King Mohammed VI said Wednesday that Morocco will revise its constitution for the first time in 15 years, aiming to strengthen democracy in the face of a push across the Arab world.
In a rare TV and radio speech to the nation, the popular monarch said a new commission would suggest constitutional revisions to him by June, and the overall project would be put to Moroccan voters in a referendum.
"By launching today the work of constitutional reform, we embark on a major phase in the process of consolidation of our model of democracy and development," said the king, wearing glasses, a sober black tie and a dark suit. He was flanked by his brother, Prince Moulay Rachid, and his 7-year-old son, Crown Prince Moulay Hassan.
Some Moroccans poured into the streets of Rabat, the capital, to celebrate after the speech, blaring car horns and waving the North African country's single-star flag.
But the overall reaction to the country's first constitutional revision since 1996, and the first since Mohammed VI took the throne following his father's death in 1999, wasn't immediately clear. The speech, which was only announced hours earlier, came as many people in the football-crazy country tuned in to watch the latest European Champions League contests.
A major question was whether the constitutional changes on tap will involve the highly contested Article 19, which largely underpins the near-absolute power that the king has in Morocco. It enshrines the monarch as "the defender of the faith" _ Islam _ and "guarantor of the perpetuation and the continuity of the state," as well as respect for the constitution.
Many labor unions, political parties and human rights groups have clamored for changes to the constitution for years, and Article 19 has been one of their main targets.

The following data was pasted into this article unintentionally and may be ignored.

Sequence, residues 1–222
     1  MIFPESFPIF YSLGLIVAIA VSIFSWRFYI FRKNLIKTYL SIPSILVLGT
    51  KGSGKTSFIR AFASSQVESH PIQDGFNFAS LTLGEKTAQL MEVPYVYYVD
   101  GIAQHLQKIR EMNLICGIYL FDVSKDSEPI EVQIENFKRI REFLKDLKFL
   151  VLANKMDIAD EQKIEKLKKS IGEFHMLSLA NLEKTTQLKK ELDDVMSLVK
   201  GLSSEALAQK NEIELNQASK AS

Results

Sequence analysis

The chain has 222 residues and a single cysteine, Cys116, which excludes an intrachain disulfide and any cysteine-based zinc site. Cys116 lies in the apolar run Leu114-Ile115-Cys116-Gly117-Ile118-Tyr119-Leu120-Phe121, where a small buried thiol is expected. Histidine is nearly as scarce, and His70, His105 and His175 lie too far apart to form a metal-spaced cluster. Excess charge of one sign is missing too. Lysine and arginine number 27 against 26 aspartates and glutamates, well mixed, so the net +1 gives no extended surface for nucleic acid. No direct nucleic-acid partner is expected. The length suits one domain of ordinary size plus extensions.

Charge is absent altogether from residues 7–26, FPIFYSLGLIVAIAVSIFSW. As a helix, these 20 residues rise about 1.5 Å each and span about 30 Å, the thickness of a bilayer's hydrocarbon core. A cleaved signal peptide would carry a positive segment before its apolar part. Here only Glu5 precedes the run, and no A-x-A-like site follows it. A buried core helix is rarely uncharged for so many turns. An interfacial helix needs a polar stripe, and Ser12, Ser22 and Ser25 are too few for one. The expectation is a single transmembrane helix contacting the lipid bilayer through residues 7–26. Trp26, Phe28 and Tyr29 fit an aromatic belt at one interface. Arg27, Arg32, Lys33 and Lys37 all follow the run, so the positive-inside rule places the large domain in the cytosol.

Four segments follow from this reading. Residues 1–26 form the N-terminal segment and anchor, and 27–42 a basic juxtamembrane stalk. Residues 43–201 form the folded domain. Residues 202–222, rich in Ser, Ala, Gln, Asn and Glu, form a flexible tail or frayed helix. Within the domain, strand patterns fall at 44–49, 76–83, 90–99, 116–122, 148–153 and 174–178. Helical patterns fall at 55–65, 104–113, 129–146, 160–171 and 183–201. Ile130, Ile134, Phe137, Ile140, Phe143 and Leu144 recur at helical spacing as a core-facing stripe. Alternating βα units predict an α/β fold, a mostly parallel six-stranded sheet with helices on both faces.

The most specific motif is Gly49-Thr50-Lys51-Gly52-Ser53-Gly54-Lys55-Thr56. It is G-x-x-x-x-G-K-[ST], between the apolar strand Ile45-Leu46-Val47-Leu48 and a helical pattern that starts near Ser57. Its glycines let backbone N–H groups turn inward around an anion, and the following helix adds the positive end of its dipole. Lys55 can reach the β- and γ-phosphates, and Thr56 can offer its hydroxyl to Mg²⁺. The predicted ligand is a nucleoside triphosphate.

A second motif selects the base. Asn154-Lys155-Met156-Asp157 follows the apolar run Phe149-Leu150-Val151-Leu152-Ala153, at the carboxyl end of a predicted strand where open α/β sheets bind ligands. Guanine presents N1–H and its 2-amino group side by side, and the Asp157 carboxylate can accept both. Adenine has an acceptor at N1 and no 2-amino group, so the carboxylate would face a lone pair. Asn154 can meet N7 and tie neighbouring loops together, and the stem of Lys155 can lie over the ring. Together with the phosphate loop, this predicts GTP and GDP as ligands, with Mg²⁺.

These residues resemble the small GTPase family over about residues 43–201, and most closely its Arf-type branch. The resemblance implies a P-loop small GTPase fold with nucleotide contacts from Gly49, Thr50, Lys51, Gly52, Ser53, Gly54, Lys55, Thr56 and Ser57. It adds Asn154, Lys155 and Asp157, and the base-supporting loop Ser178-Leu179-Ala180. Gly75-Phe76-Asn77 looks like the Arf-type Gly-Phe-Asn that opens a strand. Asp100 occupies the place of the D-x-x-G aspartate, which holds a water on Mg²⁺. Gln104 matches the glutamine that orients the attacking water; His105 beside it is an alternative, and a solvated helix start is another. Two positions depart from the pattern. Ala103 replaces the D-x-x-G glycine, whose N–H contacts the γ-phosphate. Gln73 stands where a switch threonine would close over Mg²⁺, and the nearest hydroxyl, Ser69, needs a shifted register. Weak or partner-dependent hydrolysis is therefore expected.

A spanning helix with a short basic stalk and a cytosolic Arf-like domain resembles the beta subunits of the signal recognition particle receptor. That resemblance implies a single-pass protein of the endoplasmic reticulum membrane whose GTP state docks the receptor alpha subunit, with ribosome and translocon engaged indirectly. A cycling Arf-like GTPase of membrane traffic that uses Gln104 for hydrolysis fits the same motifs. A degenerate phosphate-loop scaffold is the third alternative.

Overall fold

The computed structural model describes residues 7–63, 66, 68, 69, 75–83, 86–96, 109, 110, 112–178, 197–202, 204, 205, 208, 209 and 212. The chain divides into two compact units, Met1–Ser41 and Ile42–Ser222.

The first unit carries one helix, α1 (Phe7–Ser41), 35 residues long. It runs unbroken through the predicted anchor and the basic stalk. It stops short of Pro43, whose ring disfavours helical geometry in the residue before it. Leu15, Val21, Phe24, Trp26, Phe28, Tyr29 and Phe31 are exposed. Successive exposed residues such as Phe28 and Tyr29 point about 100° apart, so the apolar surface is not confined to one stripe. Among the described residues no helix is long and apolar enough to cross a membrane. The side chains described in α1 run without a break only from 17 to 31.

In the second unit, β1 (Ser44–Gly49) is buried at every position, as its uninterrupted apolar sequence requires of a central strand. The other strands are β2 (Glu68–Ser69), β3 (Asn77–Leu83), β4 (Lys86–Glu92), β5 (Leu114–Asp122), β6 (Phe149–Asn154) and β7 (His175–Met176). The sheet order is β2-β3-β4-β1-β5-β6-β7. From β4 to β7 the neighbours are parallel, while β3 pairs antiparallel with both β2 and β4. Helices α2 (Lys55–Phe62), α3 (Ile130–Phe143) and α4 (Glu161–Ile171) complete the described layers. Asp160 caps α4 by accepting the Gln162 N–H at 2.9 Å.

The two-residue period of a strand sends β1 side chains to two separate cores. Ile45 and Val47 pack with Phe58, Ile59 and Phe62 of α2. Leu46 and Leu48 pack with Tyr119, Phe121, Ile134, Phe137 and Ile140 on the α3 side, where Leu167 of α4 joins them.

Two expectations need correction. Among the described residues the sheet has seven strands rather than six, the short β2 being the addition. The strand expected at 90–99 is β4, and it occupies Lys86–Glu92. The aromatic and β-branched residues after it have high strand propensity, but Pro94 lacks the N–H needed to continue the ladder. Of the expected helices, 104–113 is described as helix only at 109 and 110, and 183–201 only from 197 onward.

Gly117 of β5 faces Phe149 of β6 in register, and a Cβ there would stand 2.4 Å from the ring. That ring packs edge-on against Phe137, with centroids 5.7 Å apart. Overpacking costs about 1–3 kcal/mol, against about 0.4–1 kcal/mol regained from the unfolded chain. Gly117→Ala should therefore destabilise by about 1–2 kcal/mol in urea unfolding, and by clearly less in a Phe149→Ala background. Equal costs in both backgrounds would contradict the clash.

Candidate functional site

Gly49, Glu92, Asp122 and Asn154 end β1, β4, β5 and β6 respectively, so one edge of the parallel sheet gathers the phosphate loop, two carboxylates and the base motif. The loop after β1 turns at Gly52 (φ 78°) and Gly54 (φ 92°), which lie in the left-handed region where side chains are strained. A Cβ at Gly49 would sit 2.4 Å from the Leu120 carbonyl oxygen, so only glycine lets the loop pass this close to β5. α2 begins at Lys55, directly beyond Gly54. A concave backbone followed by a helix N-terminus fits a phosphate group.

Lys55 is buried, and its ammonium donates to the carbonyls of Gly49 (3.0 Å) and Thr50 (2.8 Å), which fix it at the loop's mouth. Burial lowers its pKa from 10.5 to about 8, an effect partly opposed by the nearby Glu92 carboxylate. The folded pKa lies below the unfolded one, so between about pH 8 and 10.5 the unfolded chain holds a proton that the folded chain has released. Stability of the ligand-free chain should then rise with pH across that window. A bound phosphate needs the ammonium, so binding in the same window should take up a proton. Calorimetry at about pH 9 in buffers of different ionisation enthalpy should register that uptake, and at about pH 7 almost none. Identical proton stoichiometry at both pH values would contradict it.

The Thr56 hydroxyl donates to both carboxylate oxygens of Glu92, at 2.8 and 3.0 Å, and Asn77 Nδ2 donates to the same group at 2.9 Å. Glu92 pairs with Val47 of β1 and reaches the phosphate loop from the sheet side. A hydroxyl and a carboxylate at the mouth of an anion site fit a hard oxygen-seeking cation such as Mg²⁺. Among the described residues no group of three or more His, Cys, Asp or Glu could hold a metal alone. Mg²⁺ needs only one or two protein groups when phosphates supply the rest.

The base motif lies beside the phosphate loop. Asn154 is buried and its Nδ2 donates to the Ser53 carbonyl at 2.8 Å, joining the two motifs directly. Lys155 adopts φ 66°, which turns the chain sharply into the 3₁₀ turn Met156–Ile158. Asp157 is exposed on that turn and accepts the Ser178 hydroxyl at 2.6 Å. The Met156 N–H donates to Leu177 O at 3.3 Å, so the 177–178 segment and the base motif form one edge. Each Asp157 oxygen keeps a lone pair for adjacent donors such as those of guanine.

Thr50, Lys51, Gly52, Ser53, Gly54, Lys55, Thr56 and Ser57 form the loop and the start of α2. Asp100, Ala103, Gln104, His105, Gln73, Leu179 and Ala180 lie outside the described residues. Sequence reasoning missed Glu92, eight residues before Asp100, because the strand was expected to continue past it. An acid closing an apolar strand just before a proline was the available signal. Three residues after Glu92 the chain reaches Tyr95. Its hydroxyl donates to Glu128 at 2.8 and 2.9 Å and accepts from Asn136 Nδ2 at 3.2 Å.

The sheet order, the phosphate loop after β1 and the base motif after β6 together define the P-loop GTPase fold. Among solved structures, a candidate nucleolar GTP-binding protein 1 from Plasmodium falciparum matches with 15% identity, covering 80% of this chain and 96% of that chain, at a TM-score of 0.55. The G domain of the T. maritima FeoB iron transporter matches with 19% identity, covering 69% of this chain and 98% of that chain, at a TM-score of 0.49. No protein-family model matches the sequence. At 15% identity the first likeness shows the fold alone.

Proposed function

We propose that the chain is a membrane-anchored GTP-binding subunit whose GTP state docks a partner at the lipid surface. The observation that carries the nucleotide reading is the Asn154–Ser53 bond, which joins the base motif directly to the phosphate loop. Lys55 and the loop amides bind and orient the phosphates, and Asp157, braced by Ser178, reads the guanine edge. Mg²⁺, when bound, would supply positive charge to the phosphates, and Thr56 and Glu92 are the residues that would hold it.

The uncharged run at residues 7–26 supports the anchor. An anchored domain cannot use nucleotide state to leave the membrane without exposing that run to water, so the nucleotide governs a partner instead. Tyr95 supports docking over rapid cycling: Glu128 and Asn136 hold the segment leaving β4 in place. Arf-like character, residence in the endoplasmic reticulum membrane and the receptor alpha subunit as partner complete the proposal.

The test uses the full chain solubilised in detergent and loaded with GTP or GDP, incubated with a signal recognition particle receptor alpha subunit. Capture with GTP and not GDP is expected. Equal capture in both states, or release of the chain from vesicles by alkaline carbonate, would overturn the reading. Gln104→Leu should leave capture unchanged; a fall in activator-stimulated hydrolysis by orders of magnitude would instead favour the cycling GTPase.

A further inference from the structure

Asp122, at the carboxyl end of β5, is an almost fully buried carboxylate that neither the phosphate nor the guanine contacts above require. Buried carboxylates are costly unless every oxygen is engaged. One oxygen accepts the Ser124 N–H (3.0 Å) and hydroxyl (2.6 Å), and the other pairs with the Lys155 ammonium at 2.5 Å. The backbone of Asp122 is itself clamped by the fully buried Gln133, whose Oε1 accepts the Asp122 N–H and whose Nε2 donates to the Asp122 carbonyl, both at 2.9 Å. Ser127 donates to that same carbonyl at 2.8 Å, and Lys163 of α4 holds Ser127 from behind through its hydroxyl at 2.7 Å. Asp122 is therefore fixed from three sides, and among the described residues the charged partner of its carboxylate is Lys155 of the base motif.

Still, the breadth of the king's address suggested a major reworking is in the offing.
The U.S. Statement Department welcomed the development.
"We fully support the aspirations of the Moroccan people in their efforts to further consolidate the rule of law, raise human rights standards, promote good governance and work toward long-term constitutional reform," said the statement read out by actiong U.S. State Department spokesman Mark Toner.
The wide-ranging efforts aim in part to devolve greater power to Morocco's regions, improve the independence of courts, and ensure that the prime minister is selected by the majority party in parliament, he said.
The king said women's rights and political participation _ already a mainstay of his previous reforms _ would be strengthened, such as ensuring through law that men and women have equal access to elective positions.
The plan would aim to broaden individual freedoms, solidify the rule of law and strengthen human rights. The king also said he was committed to a "strong push" to revive the country's reform ambitions.
Morocco has so far avoided the persistent unrest that brought down regimes in fellow north African countries Tunisia and Egypt. Five people, however, died in violence linked to protests across the country on Feb. 20.
The main target of those protests was parliament, where many Moroccans fear their voices aren't heard. Few Moroccans question the monarchy, which has existed for centuries _ and Mohammed enjoys broad admiration and respect.
The king did not make any direct reference to the upheaval that has swept across North Africa and elsewhere.
An ally of both Europe and the United States, Mohammed VI is widely seen as a reformer compared to his iron-fisted father Hassan II _ though human rights in the country have faced criticism.
Last October, Human Rights Watch reported that suspects detained under Morocco's counterterrorism laws are routinely subjected to human rights violations. The government denied those allegations.
Jalil Bounhar in Casablanca, Morocco, and Jamey Keaten in Paris contributed to this report.